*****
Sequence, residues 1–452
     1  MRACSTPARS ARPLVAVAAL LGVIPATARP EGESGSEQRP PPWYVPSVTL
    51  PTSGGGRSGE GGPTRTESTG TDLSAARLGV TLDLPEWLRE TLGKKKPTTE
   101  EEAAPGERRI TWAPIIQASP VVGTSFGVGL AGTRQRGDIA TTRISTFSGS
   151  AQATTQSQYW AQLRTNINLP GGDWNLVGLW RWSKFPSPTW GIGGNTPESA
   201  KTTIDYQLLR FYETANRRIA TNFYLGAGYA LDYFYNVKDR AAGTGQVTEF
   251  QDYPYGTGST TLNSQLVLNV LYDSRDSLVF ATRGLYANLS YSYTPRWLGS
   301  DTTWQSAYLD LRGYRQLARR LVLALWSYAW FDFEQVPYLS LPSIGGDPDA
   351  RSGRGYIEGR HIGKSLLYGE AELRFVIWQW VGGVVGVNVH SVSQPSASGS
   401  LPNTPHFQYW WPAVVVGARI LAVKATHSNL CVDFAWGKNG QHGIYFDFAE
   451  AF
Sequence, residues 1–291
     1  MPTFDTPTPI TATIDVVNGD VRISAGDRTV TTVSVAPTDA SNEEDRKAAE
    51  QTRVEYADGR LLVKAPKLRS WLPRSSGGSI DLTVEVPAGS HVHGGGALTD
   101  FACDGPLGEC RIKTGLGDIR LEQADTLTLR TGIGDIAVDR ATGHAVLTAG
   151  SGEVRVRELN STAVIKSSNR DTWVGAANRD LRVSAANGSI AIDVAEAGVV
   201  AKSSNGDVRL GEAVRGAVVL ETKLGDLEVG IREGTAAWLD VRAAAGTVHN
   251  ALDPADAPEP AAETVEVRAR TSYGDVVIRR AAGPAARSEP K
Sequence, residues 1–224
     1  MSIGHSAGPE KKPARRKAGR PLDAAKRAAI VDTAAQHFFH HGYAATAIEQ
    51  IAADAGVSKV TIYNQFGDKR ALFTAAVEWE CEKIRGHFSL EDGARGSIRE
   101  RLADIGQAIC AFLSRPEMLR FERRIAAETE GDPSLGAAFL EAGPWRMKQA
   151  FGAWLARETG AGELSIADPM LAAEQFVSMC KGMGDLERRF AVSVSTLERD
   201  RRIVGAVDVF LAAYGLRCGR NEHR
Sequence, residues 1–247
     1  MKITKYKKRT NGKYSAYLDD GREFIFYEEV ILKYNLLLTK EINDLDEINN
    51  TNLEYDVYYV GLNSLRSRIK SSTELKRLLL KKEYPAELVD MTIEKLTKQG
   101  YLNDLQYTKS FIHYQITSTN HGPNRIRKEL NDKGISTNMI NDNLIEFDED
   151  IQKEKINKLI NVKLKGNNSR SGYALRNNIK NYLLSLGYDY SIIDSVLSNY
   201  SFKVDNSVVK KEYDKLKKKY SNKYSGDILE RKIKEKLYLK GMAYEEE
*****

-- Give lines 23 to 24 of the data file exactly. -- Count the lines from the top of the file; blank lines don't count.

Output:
   151  FGAWLARETG AGELSIADPM LAAEQFVSMC KGMGDLERRF AVSVSTLERD
   201  RRIVGAVDVF LAAYGLRCGR NEHR